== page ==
Origins is a recurring new music feature in which an artist charts the influence of their latest single.
There’s a very brief, fleeting moment that takes place between reflecting upon the music of a fading year and anticipating the sounds and possibilities of the calendar flip to come. If you blink, you could miss it. And if you blinked, as many did, you might have missed the release of Gentle Hen’s second record, Sneaking up on the Moon. Facing the departure of a bandmate and the doom portended by Trump’s election and inauguration, the veteran indie rock band from Northampton, MA, set out to, in the words of songwriter Henning Ohlenbusch, “make some sense.”
The resulting Sneaking up on the Moon boasts 14 glowing tracks, each a different filter on Ohlenbusch’s witty, thoughtful lens on the world, full of existential dread and ennui, but also burning with brio and an unmistakable gratefulness for the richness of the whole diverse mess. Single “College Town”, with guest vocals from the Fawns’ Lesa Bezo, perfectly captures that pensive ambiguity, as the songwriter’s hometown bustles with both new ideas and fading memories, endless potential and dissipating dreams.
For more insights into “College Town”, Ohlenbusch shares the songs, places, and things that inspired the track below.
When I was just barely a teenager, just before I started writing songs and playing guitar, my brother played “Radio Free Europe” for me about 10 times in a row. I’d been listening to Yes and Styx and Ozzy Osbourne, but it wasn’t until I heard the energy of the simple, jangled chords of R.E.M. that I thought maybe I could do something like that.
When I joined my first band, we were heavily inspired by WFNX in Boston and what was then called “college rock.” Nowadays, it’s called “indie,” I guess; somewhere in between, it was alternative. The term college rock sounds kind of elitist, but it earned that name because originally it could only be found on college radio. The attitude and the sound of college rock has always stayed with me. It’s my roots, I guess. For my solo albums, I do something different, and when I play guitar in the Fawns, we do something different again, but in my band, Gentle Hen, I think we’ve really found our home in that style. And this song is sort of about that.
Home of Smith College and neighbor of Umass, Amherst, Hampshire, and Mt. Holyoke, Northampton is the epitome of a college town. All the members of Gentle Hen live here. Brian Marchese, Max Germer, Ken Maiuri, and I all grew up on the same music, and we’ve all been in college towns for most of our lives. College towns are constantly changing yet eternally familiar. New people come in every year with fresh ideas and art and styles. Some stick around, some move on, but their shadows linger. Living is generally pretty easy and entertaining. It’s hard to leave. There are always new music and art scenes busting out, coffee shops, record stores, rock clubs, neighborhood bars, and great radio stations. This song lives here, too.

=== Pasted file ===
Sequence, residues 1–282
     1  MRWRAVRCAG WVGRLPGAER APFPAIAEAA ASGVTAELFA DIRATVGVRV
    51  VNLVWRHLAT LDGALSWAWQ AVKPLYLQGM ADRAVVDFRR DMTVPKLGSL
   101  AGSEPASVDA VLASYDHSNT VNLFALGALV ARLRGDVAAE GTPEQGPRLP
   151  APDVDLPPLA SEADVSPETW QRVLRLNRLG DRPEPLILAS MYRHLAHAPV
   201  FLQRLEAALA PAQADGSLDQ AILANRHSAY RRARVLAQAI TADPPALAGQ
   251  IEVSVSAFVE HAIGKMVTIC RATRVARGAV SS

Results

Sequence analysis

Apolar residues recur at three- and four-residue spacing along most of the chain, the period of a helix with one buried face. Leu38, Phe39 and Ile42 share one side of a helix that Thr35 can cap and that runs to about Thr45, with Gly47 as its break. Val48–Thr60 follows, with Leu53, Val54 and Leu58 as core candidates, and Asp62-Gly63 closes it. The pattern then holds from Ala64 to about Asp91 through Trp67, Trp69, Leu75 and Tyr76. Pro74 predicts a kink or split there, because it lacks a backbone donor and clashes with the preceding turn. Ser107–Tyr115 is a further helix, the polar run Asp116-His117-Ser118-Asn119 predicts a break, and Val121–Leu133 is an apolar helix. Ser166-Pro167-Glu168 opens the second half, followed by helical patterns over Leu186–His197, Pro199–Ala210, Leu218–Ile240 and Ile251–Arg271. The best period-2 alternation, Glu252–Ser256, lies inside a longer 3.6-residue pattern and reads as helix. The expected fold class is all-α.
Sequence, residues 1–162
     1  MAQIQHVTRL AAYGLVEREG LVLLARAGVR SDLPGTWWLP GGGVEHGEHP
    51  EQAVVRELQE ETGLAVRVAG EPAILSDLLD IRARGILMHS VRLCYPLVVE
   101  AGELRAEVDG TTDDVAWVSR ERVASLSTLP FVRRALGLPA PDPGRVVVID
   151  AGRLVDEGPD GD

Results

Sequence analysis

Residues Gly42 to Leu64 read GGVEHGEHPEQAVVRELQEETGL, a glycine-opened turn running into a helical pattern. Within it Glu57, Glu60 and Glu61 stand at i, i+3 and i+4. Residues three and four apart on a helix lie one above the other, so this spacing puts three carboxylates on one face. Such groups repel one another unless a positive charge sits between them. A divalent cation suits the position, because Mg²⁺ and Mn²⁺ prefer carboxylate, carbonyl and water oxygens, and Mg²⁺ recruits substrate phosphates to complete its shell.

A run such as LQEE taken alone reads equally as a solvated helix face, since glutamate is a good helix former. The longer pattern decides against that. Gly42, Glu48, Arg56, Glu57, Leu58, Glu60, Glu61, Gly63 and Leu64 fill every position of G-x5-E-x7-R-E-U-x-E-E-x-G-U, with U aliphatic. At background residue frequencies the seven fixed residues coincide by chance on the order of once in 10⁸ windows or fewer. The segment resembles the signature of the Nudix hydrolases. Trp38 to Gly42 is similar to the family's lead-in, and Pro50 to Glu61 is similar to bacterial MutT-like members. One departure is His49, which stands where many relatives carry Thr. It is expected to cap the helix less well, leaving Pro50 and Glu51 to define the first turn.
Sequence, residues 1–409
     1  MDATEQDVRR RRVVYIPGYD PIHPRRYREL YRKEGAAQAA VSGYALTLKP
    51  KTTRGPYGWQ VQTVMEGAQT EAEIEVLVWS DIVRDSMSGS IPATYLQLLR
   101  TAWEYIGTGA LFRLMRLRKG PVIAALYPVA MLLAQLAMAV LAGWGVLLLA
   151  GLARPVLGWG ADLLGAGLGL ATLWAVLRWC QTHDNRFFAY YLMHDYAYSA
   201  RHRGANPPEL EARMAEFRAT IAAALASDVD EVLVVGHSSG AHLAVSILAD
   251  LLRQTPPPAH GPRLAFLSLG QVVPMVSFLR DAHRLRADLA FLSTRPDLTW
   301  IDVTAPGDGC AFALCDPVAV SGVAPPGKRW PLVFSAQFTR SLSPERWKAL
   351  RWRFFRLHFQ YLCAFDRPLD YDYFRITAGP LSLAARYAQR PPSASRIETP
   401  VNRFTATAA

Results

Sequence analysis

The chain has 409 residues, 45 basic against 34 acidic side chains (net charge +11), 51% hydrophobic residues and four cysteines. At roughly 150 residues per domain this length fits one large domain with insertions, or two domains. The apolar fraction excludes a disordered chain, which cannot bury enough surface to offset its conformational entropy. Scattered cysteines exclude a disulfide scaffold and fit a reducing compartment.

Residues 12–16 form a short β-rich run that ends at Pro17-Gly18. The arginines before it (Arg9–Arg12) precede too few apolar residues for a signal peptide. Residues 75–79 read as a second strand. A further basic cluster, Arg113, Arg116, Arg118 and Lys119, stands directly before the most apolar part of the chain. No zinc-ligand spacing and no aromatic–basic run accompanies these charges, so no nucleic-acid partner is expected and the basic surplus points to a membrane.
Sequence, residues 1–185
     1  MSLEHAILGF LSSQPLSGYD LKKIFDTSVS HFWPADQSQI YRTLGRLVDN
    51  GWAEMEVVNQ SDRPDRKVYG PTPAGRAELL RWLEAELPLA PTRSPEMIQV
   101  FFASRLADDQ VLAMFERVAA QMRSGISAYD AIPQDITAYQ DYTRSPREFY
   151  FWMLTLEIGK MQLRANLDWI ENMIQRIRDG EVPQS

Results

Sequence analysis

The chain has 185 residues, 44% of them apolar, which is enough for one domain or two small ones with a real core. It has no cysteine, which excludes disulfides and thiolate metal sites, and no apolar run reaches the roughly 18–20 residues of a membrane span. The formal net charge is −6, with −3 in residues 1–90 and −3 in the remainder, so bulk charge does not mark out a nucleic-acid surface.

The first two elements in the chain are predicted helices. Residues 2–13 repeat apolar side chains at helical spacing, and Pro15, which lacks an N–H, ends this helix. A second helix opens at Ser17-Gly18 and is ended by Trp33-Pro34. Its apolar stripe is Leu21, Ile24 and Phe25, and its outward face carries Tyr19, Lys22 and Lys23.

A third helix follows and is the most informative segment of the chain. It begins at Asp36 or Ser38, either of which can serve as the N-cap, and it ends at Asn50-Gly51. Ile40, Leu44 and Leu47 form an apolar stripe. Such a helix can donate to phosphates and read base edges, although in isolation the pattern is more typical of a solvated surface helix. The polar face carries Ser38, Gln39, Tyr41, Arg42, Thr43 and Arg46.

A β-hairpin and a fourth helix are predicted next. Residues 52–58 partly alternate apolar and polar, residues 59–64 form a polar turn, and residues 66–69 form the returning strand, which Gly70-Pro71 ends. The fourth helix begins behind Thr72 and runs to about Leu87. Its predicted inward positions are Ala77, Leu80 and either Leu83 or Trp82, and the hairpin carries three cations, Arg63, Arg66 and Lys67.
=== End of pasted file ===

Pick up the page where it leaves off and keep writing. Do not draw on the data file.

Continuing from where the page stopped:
Isolation and Ennui
Some nights it feels like you are the only person in the world who’s awake. Sometimes you feel like you haven’t done anything at all in the last couple of decades. The familiar scenes of your small town flash on and off like it’s your own personal movie montage. “The bus stop bench, the courthouse steps, the pizza place with the emergency slice.” For lots of people, those first few years after an aimless college career slip by in late nights and late mornings, service industry jobs, and band practice. This song is for them.
R.E.M.’s “Begin the Begin”
I’ve been playing this same little f# minor guitar riff since the needle dropped for the first time on the opening track of R.E.M.’s Lifes Rich Pageant. Finally, decades later, it found a home in this song. Also, I originally learned to play c# minor thanks to learning “So. Central Rain” on Reckoning. The choruses of “College Town” owe a lot to that song and those first R.E.M. records.
Evan Dando, Juliana Hatfield, and Boston Rock
I really wanted “College Town” to have a duet feel in the choruses. I always loved the way Juliana Hatfield’s voice would suddenly appear on Lemonheads songs. It broke the moments open into something larger and more spacious. Lesa Bezo from the Fawns was our only choice for “College Town”. I was thinking Blake Babies, Pixies, and Throwing Muses. Drummer Brian tells me he was thinking Replacements and Cavedogs That’s why we are in a band together.